Most of us have an overwhelming desire to make an impression on our first day in a new job. An unnamed security guard, on his first day of duty at the Boris Yeltsin Presidential Centre in Ekaterinburg could not resist adding some finishing touches to Anna Leporskaya’s avant-garde painting entitled Three Figures which she had painted between 1932 and 1934.
He drew eyes on the faceless figures of the painting which formed part of an exhibition of abstract art. To make matters worse, he used a ballpoint pen provided by the gallery.
Leporskaya’s work is insured for £740,000, but, fortunately, the guard did not press too hard, and the damage was relatively superficial, the ink only slightly penetrating into the paint layer.
It took two visitors to draw a gallery employee’s attention for the additions to be noticed. The painting was removed from the exhibition to be touched up and the guard was fired.
A famous, if controversial, statue had its chips in the early hours of New Year’s Day. The four-metre-tall statue, a representation of the Spunta potato, a staple crop grown in the village of Xylophagou in Cyprus, was chopped down by vandals.
Nicknamed the “big potato” it has been a popular backdrop for selfies, although its shape has drawn some unwarranted comments on social media. Its creator, community leader George Tasou, stood guard over the statue until the early hours but then delegated guard duties to another.
Whether they were asleep on the job is not clear, but at around 3.30am it was found on the ground having been cut from its stand, causing damage estimated at £4,000.
It remains to be seen whether another statue will sprout in its place.
Modern art, especially so-called street art, can be bewildering at times to the viewer. The artist is looking to provoke a reaction, but American graffiti artist, John Andrew Perello, got more than he bargained for when his abstract piece which goes by the original name of “Untitled” was displayed at P/O/S/T, a gallery in Seoul’s Lotte Street Mall.
A strikingly colourful piece, it measures 22.9 feet by 7.8 feet. It is displayed complete with paint buckets and brushes lying beneath, an integral part of the artwork, according to the artist. A young couple on March 28th saw the paints as an invitation to collaborate and they cheerfully added a few strokes of their own, damaging a painting valued at $440,000.
The couple were caught on CCTV and were embarrassed by their mistake. No charges were pressed, and the vandalised or enhanced painting remained on display until the exhibition ended. The artist was initially upset, but after some reflection considered that the South Koreans additions to his painting showed how art connects with us all.
Modern art can be bewildering at times and sometimes you wonder whether the artist is taking the piss.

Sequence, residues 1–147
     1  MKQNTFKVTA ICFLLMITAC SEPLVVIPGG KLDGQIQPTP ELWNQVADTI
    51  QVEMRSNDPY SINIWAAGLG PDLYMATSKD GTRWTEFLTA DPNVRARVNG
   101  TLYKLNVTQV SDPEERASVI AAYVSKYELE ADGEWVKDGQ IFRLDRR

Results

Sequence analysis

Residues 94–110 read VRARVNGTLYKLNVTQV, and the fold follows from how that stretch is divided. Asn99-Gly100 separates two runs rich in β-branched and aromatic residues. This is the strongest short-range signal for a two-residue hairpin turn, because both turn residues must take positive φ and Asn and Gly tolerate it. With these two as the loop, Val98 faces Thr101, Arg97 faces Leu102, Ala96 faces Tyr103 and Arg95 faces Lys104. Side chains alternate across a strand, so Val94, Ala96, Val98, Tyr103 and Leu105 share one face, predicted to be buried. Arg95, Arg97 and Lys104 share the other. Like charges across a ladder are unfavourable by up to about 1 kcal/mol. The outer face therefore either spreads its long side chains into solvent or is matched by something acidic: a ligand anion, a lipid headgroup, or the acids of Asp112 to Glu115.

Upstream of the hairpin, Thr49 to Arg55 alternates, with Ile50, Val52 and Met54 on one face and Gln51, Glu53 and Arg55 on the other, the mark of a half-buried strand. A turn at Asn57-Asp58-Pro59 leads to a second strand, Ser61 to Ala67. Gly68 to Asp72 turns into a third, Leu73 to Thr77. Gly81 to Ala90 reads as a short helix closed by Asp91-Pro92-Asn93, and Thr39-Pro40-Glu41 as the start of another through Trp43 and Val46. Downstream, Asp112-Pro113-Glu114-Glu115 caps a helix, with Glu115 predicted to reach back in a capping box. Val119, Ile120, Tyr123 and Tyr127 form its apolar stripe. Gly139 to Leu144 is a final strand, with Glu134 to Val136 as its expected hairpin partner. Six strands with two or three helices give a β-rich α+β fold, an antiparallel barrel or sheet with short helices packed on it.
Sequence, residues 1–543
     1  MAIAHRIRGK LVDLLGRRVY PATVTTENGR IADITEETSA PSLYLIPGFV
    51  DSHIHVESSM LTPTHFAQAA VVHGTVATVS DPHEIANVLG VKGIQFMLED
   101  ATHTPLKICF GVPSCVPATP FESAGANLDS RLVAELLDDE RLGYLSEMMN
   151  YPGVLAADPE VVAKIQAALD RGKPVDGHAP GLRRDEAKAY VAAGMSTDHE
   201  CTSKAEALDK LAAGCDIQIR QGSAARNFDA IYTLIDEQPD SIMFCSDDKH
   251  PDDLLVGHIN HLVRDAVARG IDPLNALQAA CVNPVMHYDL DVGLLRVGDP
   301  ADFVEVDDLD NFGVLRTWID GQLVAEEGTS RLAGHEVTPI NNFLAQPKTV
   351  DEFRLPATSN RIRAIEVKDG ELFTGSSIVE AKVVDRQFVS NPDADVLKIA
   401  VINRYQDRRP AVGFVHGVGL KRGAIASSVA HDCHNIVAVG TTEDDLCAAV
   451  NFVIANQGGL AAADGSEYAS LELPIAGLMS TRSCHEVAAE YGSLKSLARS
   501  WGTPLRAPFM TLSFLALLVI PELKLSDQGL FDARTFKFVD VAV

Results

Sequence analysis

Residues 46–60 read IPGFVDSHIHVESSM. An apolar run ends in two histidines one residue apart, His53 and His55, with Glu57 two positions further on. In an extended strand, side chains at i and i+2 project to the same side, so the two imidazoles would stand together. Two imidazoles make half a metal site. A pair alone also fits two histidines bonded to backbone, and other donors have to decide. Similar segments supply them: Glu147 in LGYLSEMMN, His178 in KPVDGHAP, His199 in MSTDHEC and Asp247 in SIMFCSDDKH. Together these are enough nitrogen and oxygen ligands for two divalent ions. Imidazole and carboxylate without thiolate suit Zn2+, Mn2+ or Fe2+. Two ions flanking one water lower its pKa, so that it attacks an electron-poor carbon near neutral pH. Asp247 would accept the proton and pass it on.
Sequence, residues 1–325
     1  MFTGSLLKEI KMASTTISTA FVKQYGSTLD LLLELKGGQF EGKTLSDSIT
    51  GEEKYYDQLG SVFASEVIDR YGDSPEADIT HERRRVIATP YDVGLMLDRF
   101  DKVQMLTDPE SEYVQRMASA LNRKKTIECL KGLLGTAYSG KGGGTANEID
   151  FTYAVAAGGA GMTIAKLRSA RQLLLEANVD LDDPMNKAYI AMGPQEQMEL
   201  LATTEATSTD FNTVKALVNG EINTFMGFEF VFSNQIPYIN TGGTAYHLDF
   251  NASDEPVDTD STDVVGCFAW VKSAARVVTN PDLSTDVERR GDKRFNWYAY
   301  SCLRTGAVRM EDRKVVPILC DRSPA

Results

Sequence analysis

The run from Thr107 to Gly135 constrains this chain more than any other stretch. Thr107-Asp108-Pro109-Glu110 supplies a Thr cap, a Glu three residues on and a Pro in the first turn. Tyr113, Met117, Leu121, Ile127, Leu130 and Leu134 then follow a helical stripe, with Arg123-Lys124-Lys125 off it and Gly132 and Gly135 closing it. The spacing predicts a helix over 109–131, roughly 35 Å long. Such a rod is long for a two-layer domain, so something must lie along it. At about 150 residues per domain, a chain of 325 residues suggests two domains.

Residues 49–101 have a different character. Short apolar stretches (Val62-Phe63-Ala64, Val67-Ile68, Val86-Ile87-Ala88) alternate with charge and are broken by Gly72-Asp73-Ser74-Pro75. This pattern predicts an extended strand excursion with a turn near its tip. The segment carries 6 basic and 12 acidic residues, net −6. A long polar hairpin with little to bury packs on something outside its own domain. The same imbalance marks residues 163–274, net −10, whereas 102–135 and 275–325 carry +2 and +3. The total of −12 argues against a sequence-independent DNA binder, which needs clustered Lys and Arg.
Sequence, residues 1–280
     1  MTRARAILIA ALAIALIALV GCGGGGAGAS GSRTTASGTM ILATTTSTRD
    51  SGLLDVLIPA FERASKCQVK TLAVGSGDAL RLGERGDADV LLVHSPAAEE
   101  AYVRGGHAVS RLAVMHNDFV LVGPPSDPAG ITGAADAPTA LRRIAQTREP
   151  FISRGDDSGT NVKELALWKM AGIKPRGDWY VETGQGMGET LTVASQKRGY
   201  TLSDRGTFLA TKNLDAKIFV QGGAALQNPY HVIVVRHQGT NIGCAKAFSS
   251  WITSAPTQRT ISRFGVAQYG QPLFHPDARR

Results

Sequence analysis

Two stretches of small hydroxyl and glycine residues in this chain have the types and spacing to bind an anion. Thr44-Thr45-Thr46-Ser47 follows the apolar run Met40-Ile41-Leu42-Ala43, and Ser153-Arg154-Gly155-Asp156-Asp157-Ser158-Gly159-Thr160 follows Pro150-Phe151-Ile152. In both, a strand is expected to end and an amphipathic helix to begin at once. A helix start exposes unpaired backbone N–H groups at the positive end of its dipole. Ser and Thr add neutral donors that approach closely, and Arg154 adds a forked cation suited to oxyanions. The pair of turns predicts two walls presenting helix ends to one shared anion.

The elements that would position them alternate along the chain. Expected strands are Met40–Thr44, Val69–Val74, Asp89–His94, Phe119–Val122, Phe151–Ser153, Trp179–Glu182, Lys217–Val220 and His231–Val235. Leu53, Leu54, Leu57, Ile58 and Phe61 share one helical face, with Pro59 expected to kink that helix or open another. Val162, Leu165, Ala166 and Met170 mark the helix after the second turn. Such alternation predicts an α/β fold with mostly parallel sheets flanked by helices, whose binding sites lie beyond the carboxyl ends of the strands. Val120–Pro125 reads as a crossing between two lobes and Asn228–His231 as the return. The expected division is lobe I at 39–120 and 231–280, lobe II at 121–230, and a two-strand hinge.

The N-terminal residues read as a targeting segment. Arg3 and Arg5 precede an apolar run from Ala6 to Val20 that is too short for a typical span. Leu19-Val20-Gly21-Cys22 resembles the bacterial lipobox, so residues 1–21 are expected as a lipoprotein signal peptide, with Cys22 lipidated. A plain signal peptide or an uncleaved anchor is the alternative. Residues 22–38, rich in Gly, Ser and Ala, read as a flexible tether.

Kunsten Museum of Modern Art in Aalborg in Denmark commissioned Danish artist, Jens Haaning, to recreate his 2010 paintings, “An Average Danish Annual Income” and “An Average Austrian Annual Income”. These two pieces of work each featured cash to the value of the then average incomes in the two countries. The museum gave him $84,000 to use in the works and undertook to provide an extra $6,000 if required.
The canvases were duly delivered by the artist to the Museum. When the staff unpacked the canvases, they had a bit of a surprise. Both were blank and were entitled “Take the Money and Run”.
Although the curator laughed at first, he now fails to see the funny side and is demanding that Haaning either fulfils his side of the bargain or pays the money back. Haaning responded by saying “The artwork is essentially about the working conditions of artists. It is a statement saying that we also have the responsibility of questioning the structures that we are part of. And if these structures are completely unreasonable, we must break with them. It can be your marriage, your work – it can be any type of societal structure”.
A painting fell off the wall of a country home outside Rome in 2016 and was sent off to an art restorer, Antonella Di Francesco, to be patched up. As she stripped off centuries of varnish Antonella became increasingly interested in what she was uncovering. It was not just any old painting but Rembrandt’s Adoration of the Magi, painted around 1632-33 and considered to have been long lost.
Copies of the painting had survived, the most famous being in Gothenburg and St Petersburg. The French Academy of the Villa Medici were called in to authenticate the painting and have recently confirmed that it is the real McCoy.
Although it is estimated to have a sale value of up to $240 million, the family have no intentions of putting it under the hammer. Instead, they propose to lend it out to galleries and museums which is jolly sporting of them.
At least, they should now be able to afford some plaster for the hole in the wall.